There are challenges to remote working as we have come to know now like bandwidth & connectivity issues, net clogging with too many people logging in, hardware & software challenges but I reckon these will be addressed over a period of time. There is a strong case for improving in-process checks by contractors themselves which will obviate the need for more people at construction sites and these supervisory staff can be utilized for carrying out value-added works like design & contract administration duties of which there is a huge shortage in the industry and which as I mentioned earlier are not location centric jobs and can be a good candidate for WFH.

3. Reality of migrant construction workers

Migration for socio-economic considerations has been in vogue for centuries and of most recent origin being that of professionals moving to developed countries like US & Europe in the sixties & seventies to the large-scale temporary migration of skilled workers to middle east & east Asian countries in the eighties onwards. The intra—country migration of skilled workers & professionals is a recent phenomenon in India starting from late 90s to early part of this century. This being a given today where large sections of our population are working in other states, a better approach than mobilizing & demobilizing these workers at will (who are life-blood of any cityscape doing everything from construction work to security guard to hotel helpers & office assistants to civic workers) in times of unfavorable conditions and treating them as dispensable will not speak good of any society or industry.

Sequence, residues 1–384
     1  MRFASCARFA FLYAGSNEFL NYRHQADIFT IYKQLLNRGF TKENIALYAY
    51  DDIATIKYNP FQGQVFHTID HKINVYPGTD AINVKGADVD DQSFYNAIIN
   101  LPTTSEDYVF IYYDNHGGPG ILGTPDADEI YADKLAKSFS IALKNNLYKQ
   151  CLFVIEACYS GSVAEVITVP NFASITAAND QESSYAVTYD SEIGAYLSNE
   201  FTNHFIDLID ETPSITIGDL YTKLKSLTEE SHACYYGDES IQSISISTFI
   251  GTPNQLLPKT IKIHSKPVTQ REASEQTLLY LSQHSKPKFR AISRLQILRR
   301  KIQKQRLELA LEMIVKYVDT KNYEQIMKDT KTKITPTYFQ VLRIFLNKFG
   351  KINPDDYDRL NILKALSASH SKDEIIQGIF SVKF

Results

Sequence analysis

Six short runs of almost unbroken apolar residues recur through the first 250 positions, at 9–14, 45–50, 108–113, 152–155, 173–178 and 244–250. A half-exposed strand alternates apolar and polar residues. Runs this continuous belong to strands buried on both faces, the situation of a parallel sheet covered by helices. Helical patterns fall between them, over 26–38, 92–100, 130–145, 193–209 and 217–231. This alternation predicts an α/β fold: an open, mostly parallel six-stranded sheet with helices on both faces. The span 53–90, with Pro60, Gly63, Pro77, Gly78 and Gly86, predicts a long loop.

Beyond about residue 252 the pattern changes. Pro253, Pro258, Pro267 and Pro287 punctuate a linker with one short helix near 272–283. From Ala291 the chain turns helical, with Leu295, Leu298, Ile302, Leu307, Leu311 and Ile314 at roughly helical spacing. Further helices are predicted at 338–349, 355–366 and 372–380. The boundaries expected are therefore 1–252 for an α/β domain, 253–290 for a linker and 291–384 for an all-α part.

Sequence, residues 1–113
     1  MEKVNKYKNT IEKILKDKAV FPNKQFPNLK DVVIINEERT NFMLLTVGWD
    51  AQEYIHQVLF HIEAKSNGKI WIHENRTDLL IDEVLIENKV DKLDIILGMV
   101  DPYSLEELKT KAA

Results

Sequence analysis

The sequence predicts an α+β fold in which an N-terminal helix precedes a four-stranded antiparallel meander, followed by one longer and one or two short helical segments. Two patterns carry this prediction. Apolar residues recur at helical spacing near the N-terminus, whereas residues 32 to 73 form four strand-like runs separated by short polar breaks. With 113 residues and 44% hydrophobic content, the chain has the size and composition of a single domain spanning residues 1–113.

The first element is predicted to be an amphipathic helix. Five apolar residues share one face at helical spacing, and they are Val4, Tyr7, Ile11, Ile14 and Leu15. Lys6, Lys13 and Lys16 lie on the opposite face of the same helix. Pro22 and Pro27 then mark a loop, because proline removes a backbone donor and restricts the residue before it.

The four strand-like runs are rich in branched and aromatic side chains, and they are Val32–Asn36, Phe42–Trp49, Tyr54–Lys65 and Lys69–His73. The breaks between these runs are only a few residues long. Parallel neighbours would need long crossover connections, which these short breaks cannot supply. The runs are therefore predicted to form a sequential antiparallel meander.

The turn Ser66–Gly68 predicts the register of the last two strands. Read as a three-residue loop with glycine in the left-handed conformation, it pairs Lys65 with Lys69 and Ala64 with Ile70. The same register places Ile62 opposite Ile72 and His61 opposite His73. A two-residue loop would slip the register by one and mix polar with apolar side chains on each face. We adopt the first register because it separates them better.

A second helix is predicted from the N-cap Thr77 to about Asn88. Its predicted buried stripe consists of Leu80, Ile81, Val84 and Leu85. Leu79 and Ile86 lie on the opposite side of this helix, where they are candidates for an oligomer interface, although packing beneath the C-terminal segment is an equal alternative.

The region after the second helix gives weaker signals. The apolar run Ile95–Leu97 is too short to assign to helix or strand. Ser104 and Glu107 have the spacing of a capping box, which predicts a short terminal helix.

We are now coming to terms with this reality of having to co-exist with them and make them part of our society just like everyone else. They are the weakest link in the chain since most of them live in very densely populated and oftentimes in bad conditions. Some long-term view of them by the employers would perhaps reduce the disruption to business activities by eliminating large scale migration of the kind seen in current period. One question that remains in my mind is whether all the workers who have gone back to their native would return back & resume work as if nothing has happened or would they choose to do otherwise?

4. Housing of construction workers

Several countries in Middle East & Asia Pacific who employ large numbers of construction workers (most notably Dubai & Singapore) have effectively defined and enforced construction worker housing policies. This is something that is severely lacking in India exposing our workers to grave danger in terms of calamities as well as sub-standard living & unhygienic conditions that also cause other social problems to the society as such like increased crime rates, low morale etc which can be addressed by having a comprehensive housing policy that is effectively enforced across all major cities by making the employer responsible. 

My understanding is that several laws exist but do not give full coverage to the issue and where it exists, it lacks proper enforcement. Designated construction worker accommodation areas & rules for dormitories as is done in above countries would go a long way in orderly transport, behavior & control of the workforce which are essential to construction industry. 

Hope all of you are staying home & safe!

Part 2 coming soon.

Working From Home,
South Bengaluru